Lazy and Lethargic Returnees

Another possible situation can arise where the employee may return less productive and lazy. This may occur when a sabbatical was taken for no particular purpose other than to rest but this can easily be combated by making a policy that sabbaticals can only be taken for a particular purpose. Alternatively, companies can offer programs to settle employees back into work. However, active employees will most often pick up new skills and ideas that can greatly benefit the workplace when they return. 

Companies Currently Offering Sabbatical Programs


To be eligible for a sabbatical the employee must have completed five years of continuous regular employment. The sabbatical must be used within 24 months of the employee becoming eligible. Employees have to seek approval 60 to 90 days in advance. Sabbaticals can be used for any purpose as long as it does not conflict with Adobe’s interests.

How the Adobe Sabbaticals Work


Facebook currently has a sabbatical program named Recharge, allowing employees to take 30 days off. Employees can only do this once every five years, but the thirty days are paid.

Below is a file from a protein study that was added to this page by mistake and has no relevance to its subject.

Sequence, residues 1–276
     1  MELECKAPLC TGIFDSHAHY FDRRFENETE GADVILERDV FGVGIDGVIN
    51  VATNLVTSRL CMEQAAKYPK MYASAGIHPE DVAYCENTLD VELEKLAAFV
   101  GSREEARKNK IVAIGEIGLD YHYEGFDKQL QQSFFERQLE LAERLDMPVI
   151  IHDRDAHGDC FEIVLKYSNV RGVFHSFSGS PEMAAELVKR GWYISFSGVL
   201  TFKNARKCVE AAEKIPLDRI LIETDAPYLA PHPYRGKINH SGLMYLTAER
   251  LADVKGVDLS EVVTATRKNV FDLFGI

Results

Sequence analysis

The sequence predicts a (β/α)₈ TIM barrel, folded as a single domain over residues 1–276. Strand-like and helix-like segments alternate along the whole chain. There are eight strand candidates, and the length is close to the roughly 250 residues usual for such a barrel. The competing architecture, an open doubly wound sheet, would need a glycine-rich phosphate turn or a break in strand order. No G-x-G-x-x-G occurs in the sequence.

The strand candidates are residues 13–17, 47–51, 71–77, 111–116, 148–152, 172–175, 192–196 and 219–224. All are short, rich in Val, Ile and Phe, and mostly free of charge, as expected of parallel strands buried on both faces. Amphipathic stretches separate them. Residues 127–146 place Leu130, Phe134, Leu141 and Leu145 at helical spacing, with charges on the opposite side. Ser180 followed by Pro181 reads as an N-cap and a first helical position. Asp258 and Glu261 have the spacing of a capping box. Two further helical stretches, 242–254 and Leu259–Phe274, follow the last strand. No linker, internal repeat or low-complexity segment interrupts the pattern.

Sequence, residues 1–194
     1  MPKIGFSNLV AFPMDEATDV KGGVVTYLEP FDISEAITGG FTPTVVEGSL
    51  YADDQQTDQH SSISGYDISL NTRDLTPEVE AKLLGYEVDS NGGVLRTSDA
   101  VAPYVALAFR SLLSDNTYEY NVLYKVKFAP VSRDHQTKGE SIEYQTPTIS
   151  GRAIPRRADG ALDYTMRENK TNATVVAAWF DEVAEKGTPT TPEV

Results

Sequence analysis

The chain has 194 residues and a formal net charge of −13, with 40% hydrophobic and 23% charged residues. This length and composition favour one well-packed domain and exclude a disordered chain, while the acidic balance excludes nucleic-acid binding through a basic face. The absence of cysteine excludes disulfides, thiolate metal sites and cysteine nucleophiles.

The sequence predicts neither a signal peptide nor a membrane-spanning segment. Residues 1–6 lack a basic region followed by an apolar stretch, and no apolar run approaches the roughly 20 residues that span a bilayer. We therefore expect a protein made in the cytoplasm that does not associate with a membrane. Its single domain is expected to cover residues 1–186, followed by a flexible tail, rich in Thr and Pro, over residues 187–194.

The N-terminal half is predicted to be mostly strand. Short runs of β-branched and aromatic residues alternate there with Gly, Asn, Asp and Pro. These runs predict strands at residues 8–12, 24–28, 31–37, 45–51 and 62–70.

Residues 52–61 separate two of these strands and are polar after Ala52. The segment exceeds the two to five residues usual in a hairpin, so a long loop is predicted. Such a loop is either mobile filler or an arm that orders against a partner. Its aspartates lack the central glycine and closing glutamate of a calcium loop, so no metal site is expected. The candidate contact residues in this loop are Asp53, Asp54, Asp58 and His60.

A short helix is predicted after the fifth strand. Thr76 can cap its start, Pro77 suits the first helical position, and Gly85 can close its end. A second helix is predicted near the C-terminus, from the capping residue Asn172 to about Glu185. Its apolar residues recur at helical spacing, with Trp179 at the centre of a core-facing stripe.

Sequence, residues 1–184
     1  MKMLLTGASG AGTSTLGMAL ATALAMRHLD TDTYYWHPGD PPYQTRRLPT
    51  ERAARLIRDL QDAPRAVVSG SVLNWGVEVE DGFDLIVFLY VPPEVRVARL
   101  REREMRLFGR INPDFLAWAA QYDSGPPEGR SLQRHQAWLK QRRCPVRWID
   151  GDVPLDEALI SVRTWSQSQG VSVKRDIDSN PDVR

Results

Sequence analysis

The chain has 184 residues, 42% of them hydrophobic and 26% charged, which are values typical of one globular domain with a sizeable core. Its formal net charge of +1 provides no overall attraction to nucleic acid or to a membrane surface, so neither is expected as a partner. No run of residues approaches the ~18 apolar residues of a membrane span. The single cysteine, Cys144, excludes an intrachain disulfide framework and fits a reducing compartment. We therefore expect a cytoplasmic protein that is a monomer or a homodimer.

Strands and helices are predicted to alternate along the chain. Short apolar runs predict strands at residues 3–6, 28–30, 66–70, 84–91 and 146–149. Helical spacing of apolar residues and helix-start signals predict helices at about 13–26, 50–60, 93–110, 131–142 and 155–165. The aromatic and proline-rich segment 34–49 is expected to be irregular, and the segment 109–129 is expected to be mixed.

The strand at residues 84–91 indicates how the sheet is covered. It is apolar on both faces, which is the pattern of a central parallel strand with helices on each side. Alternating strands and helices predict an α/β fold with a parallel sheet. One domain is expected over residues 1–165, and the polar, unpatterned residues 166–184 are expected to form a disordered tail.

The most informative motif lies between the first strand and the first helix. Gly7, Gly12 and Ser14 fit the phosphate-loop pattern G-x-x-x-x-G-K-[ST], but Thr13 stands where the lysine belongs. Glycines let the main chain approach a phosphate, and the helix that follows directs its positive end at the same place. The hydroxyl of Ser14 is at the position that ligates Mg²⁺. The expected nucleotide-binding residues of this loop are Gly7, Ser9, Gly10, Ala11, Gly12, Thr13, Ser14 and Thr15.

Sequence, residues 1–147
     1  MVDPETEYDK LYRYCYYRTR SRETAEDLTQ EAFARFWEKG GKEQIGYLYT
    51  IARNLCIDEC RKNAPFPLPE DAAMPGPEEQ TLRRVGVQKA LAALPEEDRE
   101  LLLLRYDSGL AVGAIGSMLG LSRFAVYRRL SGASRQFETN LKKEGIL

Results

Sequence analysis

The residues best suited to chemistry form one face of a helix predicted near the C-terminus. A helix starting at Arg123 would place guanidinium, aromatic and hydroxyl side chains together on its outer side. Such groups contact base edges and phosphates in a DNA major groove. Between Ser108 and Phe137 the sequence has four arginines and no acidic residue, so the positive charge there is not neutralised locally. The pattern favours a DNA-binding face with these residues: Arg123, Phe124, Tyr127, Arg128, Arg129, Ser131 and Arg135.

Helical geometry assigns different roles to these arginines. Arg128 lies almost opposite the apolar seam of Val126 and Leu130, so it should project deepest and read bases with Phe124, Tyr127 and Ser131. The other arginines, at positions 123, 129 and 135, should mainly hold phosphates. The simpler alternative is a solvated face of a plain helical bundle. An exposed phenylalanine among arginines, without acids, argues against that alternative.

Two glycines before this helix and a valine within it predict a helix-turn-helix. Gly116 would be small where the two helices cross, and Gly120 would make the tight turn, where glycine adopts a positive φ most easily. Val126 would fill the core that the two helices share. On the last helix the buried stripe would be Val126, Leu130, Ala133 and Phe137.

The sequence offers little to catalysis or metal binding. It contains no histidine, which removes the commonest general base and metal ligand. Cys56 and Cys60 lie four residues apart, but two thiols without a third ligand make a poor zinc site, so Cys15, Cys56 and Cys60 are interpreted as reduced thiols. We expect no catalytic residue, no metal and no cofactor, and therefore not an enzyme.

Harvard University

Sabbaticals originated in academia and the practice continues to this date. The primary purpose is to offer professors the ability to educate themselves further or to teach at a second university for a term. Harvard allows a sabbatical leave every 6 years. The length of the leave is a full year with 50% support or a half year with 100% support. 


Nike offers their employees five-week paid sabbaticals if they stay on with the company for at least 10 years. This helps them to attract and keep talent on for an extended length of time – allowing invested resources on training to be better utilised. 


Path of Service is the name Timberland has given their program. However, this is not strictly a sabbatical program. Rather the program focuses entirely on volunteering. This allows employees to be paid for 40 hours of their time that they volunteer within their community. 

What’s in Sabbaticals for Employees?

Sabbatical Benefits

As you can see in the picture above, there are plenty of reasons for employees to be taking a sabbatical – whether for health reasons, self-improvement, or just for fun. Here are some of your options during a sabbatical. 


Many charities seek individuals from every walk of life, so there will be opportunities out there if you are interested in making a difference or supporting a cause. This is also a chance at self-improvement by interacting with people from many different cultures and learning something new while you’re at it. 

Upskilling/Further Education